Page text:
Moreover, Hamas's relations with Iran, which used to supply the movement with money and weapons, have also deteriorated. And Hamas has no alternative to these relations since its allies in Turkey and Qatar have good relations with Israel, and their role, among other things, aims to exploit the Palestinian card so as to promote their interests while continuing to work on domesticating Hamas so to allow it to join the map that is being drawn for the region.
In light of the above, Israel does not seek to topple Hamas's rule – at least in the foreseeable future. Such a development could spell the end of the inter-Palestinian split. Moreover, Israel is not seriously considering the reoccupation of the Strip given the high price it would have to pay if it were to do so; it cannot believe that it has managed to withdraw from it. Hamas’s collapse without direct reoccupation or the presence of an alternative acceptable to Israel would produce anarchy, which would help enhance the influence of the jihadi salafi organizations, primarily ISIS which has an effective and organized presence in Israel and is interested in extending its influence to Gaza.
Moving on to Israel’s policy towards Abu Mazin's authority, we would find that Israel believes that this authority is broadly acceptable because it has honored its political, security, and economic obligations since the Oslo Accords, even though Israel has failed to do so. Moreover, Abu Mazin's various threats, sometimes, to disband the PA, and at others times to resign, and at yet other times to redefine the relationship with Israel, as well as his hints at ending security coordination and economic dependence on Israel going so far as to threaten to suspend Palestinian recognition of Israel, are all no more than verbal threats that do not reflect any practical readiness to implement them.
What irks Israel about Abu Mazin's authority is its refusal to accept Israel’s new terms including: Recognizing Israel as a state 'for the Jewish people'; accepting continued Israeli sovereignty over the territory of the Palestinian 'state' in isolated cantons during the interim and final phases; resuming bilateral negotiations with no preconditions; refraining from resorting to internationalization and joining international institutions; threatening to achieve inter-Palestinian reconciliation; threatening to resort to peaceful resistance, albeit in a symbolic and tactical manner so as to pressure Israel into accepting the resumption of negotiations after releasing the fourth batch of Palestinian prisoners detained before the Oslo Accords, and to freeze settlement activities or at least restrict the pace settlement expansion.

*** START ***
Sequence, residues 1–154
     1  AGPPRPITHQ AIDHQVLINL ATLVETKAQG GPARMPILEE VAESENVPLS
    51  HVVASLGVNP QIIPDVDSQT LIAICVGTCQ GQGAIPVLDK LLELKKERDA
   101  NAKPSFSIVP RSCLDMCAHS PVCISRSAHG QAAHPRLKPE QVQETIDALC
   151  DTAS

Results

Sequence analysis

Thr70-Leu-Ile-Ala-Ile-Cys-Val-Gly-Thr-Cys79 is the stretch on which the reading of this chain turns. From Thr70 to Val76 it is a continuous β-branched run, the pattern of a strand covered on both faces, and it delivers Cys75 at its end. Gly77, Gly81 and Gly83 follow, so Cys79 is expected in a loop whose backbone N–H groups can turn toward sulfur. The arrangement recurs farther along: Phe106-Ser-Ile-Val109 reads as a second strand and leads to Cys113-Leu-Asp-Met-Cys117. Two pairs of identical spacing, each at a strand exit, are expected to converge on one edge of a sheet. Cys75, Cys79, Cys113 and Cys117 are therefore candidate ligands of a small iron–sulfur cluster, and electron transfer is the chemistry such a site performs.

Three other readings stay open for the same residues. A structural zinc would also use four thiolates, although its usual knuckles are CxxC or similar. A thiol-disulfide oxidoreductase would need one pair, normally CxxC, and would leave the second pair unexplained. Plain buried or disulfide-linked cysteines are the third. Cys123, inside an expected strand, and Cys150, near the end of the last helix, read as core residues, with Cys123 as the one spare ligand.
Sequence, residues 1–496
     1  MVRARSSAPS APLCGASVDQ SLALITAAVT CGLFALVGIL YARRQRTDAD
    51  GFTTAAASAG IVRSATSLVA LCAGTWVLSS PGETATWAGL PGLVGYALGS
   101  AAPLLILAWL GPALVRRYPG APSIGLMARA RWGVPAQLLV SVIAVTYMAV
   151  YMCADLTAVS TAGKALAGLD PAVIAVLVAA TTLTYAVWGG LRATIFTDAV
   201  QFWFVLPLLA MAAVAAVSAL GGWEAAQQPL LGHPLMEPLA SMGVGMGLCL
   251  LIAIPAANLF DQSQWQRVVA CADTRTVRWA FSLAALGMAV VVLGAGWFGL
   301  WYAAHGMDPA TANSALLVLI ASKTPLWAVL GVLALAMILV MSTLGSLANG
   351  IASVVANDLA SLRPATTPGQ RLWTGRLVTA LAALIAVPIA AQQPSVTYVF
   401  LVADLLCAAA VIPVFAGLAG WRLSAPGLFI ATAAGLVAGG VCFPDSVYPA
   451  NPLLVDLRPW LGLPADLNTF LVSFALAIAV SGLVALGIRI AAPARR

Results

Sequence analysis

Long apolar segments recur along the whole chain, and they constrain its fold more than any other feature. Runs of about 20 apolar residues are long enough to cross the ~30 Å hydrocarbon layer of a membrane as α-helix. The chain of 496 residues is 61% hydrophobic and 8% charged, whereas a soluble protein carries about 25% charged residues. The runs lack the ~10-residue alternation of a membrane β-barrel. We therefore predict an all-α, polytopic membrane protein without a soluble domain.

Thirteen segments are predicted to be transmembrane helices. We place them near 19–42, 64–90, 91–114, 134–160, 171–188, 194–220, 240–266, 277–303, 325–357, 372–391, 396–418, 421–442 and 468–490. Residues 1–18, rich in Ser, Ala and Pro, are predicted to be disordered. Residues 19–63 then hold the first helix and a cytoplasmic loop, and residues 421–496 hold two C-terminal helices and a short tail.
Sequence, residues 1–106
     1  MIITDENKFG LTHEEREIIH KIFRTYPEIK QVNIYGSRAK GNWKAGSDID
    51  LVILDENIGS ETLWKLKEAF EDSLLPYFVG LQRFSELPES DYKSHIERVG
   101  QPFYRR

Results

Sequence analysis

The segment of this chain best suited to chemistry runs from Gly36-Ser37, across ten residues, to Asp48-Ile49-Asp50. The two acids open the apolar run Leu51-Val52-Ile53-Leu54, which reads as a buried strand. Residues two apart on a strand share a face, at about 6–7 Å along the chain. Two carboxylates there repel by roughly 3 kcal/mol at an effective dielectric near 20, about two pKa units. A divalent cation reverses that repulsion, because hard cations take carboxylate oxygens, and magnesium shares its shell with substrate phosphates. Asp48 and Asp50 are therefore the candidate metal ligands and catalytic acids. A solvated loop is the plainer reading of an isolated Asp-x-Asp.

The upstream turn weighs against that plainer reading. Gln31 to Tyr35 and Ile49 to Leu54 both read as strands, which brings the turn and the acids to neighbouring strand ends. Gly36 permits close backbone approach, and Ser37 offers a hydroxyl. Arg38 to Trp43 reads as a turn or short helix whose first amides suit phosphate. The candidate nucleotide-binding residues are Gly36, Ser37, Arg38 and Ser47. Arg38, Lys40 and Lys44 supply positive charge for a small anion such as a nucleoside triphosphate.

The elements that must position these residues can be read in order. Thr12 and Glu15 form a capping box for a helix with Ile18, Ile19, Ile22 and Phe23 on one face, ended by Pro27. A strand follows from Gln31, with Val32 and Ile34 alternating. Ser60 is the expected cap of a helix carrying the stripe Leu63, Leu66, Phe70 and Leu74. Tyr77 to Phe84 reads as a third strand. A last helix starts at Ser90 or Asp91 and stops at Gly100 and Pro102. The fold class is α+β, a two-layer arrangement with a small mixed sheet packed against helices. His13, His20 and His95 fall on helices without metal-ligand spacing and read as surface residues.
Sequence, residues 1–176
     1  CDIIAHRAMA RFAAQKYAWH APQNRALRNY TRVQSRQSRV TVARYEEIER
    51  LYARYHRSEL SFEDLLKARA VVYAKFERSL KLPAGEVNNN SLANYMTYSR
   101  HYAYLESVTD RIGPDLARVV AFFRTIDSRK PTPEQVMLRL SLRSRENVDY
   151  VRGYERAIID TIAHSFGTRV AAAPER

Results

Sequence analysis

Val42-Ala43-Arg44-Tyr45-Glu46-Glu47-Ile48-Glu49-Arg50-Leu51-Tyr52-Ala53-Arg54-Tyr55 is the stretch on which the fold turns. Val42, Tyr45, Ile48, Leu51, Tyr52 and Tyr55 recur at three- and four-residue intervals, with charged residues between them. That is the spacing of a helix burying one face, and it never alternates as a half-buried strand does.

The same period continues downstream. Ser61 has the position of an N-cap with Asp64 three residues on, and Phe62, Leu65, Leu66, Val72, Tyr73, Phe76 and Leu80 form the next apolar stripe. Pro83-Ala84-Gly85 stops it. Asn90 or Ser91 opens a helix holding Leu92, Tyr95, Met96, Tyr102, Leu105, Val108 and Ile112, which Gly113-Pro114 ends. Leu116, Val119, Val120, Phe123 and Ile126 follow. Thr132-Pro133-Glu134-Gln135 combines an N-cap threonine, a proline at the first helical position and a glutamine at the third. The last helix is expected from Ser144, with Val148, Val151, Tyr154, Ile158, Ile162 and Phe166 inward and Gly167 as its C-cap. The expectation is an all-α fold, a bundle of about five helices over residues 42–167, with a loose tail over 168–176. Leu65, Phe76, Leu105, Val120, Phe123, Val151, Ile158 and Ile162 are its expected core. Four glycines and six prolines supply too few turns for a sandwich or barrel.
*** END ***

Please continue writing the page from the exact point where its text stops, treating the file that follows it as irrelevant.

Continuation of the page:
This irks Israel because it opens a window – if only a small one – to initiatives for managing the conflict that include an international role that Israel does not want because it is seeking to isolate the Palestinians and ensure that there can be no effective international role. It also wants to implement its own version of a solution without reaching a compromise that would meet the very basic minimum of Palestinian rights.
Israel wants to domesticate Hamas as we have noted, and to dismantle and reconstitute the PA in the West Bank so as to ensure that it is more amenable to the goals that the Netanyahu government is trying to achieve. These include: Reviving the project to establish 'Greater Israel'; erasing the [1967 borders] Green Line; turning the conflict into a religious one; paving the way for the annexation [West Bank] Area-C territories to Israel; and restricting the powers of the Palestinian self-rule authority to the heavily populated territories in Area-A and Area-B.
Israel is very interested in the PA’s survival because its existence absolves it of its responsibility for its occupation, and the paralyzed PLO officially represents the Palestinian people that are the Zionist project and Israel’s historic antagonists, and the tool for realizing that project. Moreover, Israel needs the PA to give Palestinian legitimacy to what now exists and to any future agreement. This legitimacy stems from being the victim, whose authority surpasses the legitimacy of any other party.
Consequently, Israel's aim behind any Jordanian role as is now being discussed is to help the PA remain in power and control the population, but without affecting Israeli sovereignty over all of 'Eretz Yisrael.' But Israel wants the PA to survive in a condition similar to that of the Gaza authority – that is, on the brink of collapse.
"In that manner, the two authorities would be at Israel's mercy, competing with each other to become the party that will be groomed and recognized as the Palestinians' representative that will play a role in the region's new map," concludes Masri.